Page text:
Dr Corné Mulder (FF+) and Narend Singh (IFP) act on behalf of the smaller parties.

The only official item on today’s agenda is electing the committee’s chairperson, and the six members of the ANC have already decided on Cedric Frolick, a senior ANC MP.

The committee’s mandate will become an important issue.

According to the motion accepted in Parliament, the committee must specifically consider Zuma’s written answer on Nkandla, but ANC chief whip Stone Sizani told the Assembly the committee will have a ‘blank cheque’ with authority to consider any topic.

Opposition parties will insist their mandate should also cover the Nkandla reports by the protector and the Special Investigating Unit.

They hope it will open the door to summon Zuma, the PP and Zuma’s “personal architect” Minenhle Makhanya, to testify.

This could lead to Makhanya directly implicating Zuma in support of the public protector’s finding that he knew more about the buildings at his estate than what he told Parliament.

Although the ANC has a majority on the committee, the committee cannot review or reject the protector’s report.

3 Architect’s potentially damning story

AFTER months of loyal silence, Jacob Zuma’s personal architect, Minenhle Makhanya, is being forced to tell his potentially damning story on the president’s Nkandla home.

This follows the SIU’s R155 million civil claim against Makhanya — as the effective project manager — for wasting taxpayers’ money on the R246 million upgrade, which critics allege was personally guided by the president.

Meanwhile, The Witness has established that both his career and family life have been thrown into turmoil by the Nkandla fall-out.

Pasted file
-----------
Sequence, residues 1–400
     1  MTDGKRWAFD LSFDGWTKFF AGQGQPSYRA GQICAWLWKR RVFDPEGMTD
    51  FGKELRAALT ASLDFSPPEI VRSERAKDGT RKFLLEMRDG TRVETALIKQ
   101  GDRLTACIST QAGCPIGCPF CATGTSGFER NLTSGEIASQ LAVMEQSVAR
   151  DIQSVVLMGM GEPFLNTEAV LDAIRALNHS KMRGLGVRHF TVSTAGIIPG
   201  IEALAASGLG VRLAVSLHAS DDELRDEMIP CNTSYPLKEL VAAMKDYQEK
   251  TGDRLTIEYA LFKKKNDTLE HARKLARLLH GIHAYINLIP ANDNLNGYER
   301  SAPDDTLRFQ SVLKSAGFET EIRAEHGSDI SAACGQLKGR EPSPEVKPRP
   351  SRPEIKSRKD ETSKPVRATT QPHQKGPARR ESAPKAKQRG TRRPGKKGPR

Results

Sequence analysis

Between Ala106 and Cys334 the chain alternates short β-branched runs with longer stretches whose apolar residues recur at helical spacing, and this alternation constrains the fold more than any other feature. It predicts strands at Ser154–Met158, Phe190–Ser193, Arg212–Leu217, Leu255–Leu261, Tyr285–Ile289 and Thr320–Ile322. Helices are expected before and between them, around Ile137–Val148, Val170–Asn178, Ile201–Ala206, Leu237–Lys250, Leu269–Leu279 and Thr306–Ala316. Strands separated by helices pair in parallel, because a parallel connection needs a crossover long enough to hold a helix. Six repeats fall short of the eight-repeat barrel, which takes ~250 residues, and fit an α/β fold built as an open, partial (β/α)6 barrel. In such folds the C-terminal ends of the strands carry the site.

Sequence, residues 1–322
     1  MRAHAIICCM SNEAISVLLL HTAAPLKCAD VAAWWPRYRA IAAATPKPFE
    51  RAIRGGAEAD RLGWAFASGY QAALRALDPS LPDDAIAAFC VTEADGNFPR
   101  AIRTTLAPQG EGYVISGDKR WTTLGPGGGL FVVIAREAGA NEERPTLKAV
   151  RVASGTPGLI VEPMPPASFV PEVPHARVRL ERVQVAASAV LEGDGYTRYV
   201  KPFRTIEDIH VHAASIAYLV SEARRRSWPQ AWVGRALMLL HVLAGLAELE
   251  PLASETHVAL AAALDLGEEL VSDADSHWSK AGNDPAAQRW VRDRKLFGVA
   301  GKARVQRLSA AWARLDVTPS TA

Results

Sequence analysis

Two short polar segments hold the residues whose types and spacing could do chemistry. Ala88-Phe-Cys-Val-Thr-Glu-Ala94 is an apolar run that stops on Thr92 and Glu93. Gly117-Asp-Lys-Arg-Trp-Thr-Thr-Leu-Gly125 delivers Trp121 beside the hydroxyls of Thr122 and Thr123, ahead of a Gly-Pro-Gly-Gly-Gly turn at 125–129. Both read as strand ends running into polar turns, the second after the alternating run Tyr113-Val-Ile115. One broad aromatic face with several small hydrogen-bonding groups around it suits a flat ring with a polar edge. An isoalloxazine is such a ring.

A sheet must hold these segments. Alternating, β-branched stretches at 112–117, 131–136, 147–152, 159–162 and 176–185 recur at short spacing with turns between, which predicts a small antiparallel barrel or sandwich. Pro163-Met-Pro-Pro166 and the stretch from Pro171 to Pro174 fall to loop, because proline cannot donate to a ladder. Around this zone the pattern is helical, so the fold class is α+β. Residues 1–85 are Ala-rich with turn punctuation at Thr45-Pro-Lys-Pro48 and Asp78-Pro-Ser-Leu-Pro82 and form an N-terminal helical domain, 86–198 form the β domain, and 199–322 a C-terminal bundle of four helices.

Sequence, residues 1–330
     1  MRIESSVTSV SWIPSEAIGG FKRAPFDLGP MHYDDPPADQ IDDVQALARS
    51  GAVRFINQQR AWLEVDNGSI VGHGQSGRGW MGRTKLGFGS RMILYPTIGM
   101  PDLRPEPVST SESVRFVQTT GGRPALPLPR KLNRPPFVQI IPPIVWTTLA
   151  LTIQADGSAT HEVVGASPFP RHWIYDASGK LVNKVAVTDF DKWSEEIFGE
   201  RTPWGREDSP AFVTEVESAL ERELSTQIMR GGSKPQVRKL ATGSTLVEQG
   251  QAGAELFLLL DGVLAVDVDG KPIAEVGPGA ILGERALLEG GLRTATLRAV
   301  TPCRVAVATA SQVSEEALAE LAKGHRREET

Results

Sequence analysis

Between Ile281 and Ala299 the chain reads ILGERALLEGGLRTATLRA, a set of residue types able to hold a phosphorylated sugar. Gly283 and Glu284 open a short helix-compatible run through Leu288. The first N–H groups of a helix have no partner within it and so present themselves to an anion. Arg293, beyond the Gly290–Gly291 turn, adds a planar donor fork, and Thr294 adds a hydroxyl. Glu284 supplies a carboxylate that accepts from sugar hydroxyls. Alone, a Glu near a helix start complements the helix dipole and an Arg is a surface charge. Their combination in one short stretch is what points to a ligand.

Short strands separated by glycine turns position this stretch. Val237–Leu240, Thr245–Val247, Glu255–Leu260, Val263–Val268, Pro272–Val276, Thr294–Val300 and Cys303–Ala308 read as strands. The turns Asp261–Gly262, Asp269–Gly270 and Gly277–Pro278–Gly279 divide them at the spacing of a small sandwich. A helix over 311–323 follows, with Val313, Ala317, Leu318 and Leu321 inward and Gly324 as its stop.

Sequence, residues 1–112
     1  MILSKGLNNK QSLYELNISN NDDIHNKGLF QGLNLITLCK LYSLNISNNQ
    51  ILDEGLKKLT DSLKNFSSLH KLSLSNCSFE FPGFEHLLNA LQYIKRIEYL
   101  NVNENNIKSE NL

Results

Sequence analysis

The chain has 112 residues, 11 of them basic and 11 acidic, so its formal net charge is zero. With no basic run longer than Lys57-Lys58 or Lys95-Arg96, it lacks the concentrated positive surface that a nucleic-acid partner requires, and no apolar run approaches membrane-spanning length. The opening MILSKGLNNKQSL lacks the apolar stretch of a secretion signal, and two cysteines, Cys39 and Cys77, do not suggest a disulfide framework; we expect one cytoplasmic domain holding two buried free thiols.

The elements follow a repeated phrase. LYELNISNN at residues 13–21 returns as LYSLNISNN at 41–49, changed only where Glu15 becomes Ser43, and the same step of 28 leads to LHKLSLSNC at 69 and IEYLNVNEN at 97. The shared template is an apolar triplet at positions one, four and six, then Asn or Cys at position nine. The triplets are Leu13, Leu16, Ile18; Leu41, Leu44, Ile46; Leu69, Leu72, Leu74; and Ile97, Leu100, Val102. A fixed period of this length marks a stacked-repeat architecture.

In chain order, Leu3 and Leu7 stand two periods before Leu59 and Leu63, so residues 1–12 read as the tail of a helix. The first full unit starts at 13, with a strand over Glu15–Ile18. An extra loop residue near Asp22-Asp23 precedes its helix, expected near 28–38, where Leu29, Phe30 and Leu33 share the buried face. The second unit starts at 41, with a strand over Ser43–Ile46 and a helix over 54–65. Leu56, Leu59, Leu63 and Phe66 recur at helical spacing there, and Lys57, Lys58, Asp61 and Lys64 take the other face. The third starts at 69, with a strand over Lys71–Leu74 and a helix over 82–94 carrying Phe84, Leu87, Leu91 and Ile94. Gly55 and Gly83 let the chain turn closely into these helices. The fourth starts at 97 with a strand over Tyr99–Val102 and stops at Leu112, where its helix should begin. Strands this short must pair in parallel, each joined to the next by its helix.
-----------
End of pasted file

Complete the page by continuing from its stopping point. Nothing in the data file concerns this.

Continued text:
Yesterday, Makhanya’s attorney, Barnabas Xulu, told the paper that he would oppose the suit in a Pietermaritzburg court in a responding affidavit prior to September 8.

Having held a number of consultations with Makhanya in the past week, Xulu said it was “inconceivable” that his client owed money to the state. The claims would be contested on legal and factual grounds.

But experts say any successful defence of the claim will probably contain sworn evidence implicating superiors for the gross overspending.

Meanwhile, the Public Protector, Thuli Madonsela, has already revealed that, on this project, no one was higher up than Makhanya except Zuma himself — adding that the architect discussed the designs with Zuma directly, and that “even a minister could have had difficulty countermanding Mr Makhanya”.

According to the SIU’s suit, the budgeted cost of R27 million for the Nkandla upgrade ballooned to R216 million “as a result of the authorisations and approvals given by [Makhanya] acting as the principal agent”. It added: “He also certified payments of invoices submitted by service providers at inflated prices which were higher than market-related prices”.

Xulu’s representation of Ma­khanya suggests there is no split ­between the architect and the president, as Xulu is also a co-founder of the Friends of Jacob Zuma Trust.

In March, Zuma told Parliament: “I never asked anyone [to develop Nkandla]. I have wives and so I needed to extend my homestead to accommodate my large family. That is not a crime.”